LAHORE: There is need to build and foster strong industry and academia linkage to boost economy.
This was said by Lahore School of Economics (LSE) Rector Dr Shahid Amjad Chaudhary while speaking to participants at the Sixth Annual Business Research Conference on “Managing business in Pakistan with the emphasis on CPEC related opportunities and challenges.” The event was held on April 20 at LSE’s main campus, a press release issued stated.
The two-day conference included special thematic sessions to highlight the key areas of research regarding opportunities and challenges of China-Pakistan Economic Corridor (CPEC). Besides, the conference extended its discourse to explicate the prevalent opportunities and challenges of businesses in Pakistan.
The sessions during the conference featured 22 papers along with academic annotations and elaborations by distinguished national and international researchers.
During the first session, Rector Dr Shahid Amjad Chaudhary said, “This conference has invited both prominent practitioners and academicians to discuss business opportunities and challenges in the wake of CPEC.”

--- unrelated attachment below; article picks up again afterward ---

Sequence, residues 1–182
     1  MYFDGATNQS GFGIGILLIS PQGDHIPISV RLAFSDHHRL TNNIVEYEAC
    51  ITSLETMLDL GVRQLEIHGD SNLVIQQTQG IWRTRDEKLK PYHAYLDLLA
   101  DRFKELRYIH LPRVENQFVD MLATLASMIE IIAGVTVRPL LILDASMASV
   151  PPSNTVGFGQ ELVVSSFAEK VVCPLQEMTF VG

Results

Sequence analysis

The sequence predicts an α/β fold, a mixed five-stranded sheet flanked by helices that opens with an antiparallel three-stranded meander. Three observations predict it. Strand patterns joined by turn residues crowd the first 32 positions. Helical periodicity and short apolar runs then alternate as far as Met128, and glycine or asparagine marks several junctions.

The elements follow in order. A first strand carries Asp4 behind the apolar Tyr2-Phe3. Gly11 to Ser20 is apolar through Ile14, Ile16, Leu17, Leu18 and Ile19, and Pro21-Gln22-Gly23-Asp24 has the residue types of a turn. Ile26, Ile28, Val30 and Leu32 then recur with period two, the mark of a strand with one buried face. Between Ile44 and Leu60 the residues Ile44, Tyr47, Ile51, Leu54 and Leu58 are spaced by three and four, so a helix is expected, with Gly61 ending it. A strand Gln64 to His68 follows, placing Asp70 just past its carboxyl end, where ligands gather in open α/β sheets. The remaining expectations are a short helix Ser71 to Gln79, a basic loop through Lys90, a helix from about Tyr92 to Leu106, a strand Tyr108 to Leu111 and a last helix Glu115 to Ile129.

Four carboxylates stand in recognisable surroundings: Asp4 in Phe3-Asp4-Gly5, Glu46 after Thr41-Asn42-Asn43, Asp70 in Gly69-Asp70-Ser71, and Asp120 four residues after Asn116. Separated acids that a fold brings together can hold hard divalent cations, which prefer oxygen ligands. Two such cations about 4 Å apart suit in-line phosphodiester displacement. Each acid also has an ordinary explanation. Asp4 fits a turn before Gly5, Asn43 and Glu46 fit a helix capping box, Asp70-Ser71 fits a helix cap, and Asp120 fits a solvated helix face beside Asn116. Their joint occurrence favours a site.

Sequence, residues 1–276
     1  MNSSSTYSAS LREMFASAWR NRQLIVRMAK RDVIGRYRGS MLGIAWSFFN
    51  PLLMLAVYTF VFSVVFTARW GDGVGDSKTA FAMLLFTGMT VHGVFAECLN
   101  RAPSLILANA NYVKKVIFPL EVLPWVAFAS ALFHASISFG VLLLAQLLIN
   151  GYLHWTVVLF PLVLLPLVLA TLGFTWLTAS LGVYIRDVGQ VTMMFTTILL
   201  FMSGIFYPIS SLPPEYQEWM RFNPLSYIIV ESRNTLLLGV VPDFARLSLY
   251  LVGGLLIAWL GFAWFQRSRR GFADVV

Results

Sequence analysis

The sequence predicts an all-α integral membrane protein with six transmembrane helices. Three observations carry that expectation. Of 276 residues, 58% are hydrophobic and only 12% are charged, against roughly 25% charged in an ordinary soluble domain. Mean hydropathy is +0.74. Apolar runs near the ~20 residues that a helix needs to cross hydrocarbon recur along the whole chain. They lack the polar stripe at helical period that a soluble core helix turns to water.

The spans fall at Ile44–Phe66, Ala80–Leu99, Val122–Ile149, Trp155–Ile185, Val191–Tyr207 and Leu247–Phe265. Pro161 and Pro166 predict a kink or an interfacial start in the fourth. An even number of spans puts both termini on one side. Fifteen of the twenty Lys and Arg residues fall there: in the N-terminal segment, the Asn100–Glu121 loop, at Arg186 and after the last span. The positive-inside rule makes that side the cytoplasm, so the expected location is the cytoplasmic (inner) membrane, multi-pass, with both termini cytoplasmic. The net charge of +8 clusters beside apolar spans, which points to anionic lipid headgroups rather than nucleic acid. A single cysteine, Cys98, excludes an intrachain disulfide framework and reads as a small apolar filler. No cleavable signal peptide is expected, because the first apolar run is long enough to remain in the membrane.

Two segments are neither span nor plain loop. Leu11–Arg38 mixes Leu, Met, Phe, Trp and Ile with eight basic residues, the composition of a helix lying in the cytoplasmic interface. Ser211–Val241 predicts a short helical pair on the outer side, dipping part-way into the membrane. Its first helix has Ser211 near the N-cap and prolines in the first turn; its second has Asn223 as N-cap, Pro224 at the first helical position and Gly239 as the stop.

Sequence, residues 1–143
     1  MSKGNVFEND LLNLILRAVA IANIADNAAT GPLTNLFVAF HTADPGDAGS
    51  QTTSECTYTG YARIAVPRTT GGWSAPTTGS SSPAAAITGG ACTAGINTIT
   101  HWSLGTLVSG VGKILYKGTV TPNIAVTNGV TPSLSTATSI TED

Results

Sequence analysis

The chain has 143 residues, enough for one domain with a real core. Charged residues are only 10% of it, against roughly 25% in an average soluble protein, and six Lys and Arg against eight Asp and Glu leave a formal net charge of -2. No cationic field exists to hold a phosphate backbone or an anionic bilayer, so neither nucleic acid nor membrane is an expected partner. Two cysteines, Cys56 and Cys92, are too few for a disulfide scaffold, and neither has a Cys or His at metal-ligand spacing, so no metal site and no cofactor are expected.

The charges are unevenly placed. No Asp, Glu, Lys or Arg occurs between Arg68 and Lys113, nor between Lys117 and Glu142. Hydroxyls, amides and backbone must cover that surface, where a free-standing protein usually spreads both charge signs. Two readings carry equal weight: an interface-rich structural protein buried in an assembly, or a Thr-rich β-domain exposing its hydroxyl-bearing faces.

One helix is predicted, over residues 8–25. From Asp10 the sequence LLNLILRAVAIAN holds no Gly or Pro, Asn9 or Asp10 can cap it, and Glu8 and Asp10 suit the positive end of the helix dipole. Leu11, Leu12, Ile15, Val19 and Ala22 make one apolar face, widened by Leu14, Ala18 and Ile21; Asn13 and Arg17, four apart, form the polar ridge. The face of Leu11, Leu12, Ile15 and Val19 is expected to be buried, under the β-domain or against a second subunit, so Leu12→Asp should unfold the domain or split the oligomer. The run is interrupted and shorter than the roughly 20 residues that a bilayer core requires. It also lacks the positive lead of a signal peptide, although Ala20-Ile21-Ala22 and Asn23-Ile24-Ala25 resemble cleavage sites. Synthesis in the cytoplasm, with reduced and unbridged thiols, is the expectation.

Four sessions were held on the second day of the conference and one of the sessions focused on CPEC driven business opportunities and challenges. The session was chaired by Dr Shahid Rashid, Executive Director, CPEC – Centre of Excellence, PIDE, Islamabad.
Dr Shahid Rashid underlined a wide array of business opportunities for the small and medium enterprises (SMEs) of Pakistan. He said that CPEC had provided numerous opportunities for the Pakistani entrepreneurs and they should be facilitated by the government to leverage these opportunities for increased industrial growth and expansion in Pakistan.
Lahore School of Economics Mahvesh Mahmud discussed the implications of CPEC with respect to the global supply chain.
She said the Pakistani business organisations could gain efficiencies in their supply chain management for competitive advantage in both local and global markets.
Zonaira Shehper of Lahore School of Economics found that workaholism was positively associated with work-family inter-role conflict.
Haadiah Yasir, Mehreen Altaf, Tania Hassan and others also presented their research papers during the conference.
Published in The Express Tribune, April 27th, 2018.